Google “what is a start up?” and you’re likely to find something along the lines of the following: “an endeavour pursued by an entrepreneur to seek, develop, and validate a scalable business model”. Note the emphasis added.
The scalability or growth of a startup (typically) depends on the stability of the building blocks laid at the inception of an entrepreneurial journey.
The more stable these blocks are, the easier it is for a startup to scale up and remain stable. One of these blocks relate to the legal aspects of the startup. This article explores the significance of having a startup/corporate lawyer on board during the initial phases of a startup (even before you start a company).
A. Dealing with Governmental authorities and Regulators
Initially, the classification of your startup as being within a regulated space or not will depend on the nature of your business model. Typically, if your startup operates in industries such as healthcare, financial services, or logistics that are already subject to regulations, those regulations will also apply to your startup.
It would be advisable to engage the services of a competent corporate lawyer while you navigate through the development of your minimum viable product (MVP). This precaution is crucial to avoid legal repercussions, including potential fines or penalties for non-compliance.
For instance, consider the fintech sector. If your startup operates in the fintech space, you may fall under the purview of regulatory bodies such as the Securities Commission of Malaysia or the Central Bank of Malaysia. A competent corporate lawyer can assist you in determining the specific regulator you need to approach. They can guide you through the process of obtaining the necessary regulatory approvals, ensuring that your business can commence operations lawfully.
B. Negotiating with ‘seasoned people’
No matter how much research you've done or how many templates you've used, as a first-time entrepreneur, you're likely to encounter individuals with more experience in the startup ecosystem. From venture funds to angel investors, these people have probably dealt with numerous similar agreements. They are familiar with the crucial points and key terms that carry weight in negotiations.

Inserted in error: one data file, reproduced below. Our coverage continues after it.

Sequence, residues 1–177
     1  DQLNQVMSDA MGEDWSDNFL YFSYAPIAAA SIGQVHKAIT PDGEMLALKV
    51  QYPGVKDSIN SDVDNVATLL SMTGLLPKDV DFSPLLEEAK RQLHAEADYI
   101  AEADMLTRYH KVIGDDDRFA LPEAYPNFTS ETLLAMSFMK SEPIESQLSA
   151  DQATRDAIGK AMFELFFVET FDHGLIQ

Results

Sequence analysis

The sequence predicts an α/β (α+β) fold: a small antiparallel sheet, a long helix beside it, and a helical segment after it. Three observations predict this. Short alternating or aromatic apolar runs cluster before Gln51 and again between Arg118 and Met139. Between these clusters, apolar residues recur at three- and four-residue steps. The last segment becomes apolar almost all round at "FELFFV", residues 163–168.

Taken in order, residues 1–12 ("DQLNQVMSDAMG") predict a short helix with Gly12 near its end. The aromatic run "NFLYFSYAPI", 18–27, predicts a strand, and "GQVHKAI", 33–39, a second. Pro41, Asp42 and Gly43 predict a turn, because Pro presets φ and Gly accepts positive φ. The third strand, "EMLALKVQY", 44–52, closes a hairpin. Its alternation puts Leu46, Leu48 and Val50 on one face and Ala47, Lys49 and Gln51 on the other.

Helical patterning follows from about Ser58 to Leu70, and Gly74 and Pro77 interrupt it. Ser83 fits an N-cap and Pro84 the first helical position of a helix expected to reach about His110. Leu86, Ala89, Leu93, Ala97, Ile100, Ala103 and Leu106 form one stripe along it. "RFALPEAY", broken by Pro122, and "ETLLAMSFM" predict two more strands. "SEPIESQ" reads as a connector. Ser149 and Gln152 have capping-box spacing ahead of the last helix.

Having a good corporate lawyer by your side can ensure that the playing field is not fully tilted on their side (and in some cases may even help in tilting it towards you!)
C. Founders’ Issues
Co-founders often depart from a business for various reasons, such as personal circumstances or better opportunities elsewhere. Thus, when you have a co-founder, it is essential to establish a founders’ agreement or shareholders agreement when forming the company.
The terms outlined in this agreement hold significant importance as they lay the groundwork for your business entity. It is crucial to ensure its accuracy. Without a written agreement, including vesting schedules, it becomes challenging to regain shares if the departing co-founder refuses to return them to the remaining party.
D. Mitigating your legal exposure
Founders usually assume that documents such as Memorandum of understanding or Term Sheets are not legally binding. This may potentially be a hefty misconception.
Reason being, the legality of these documents depends on the intent and language used. Without having a professional by your side, you potentially open yourself (especially your company) to unwanted legal exposure and liabilities early on.
Sure, it might just be a term sheet that you’re signing off, but do you really wish to commit to onerous confidentiality obligations or a term that prevents you from getting an offer from another buyer for an indefinite period?
If you’re seeking legal advise on all things startup, please feel free to contact us at 0126582798 or firstname.lastname@example.org for a complementary chat.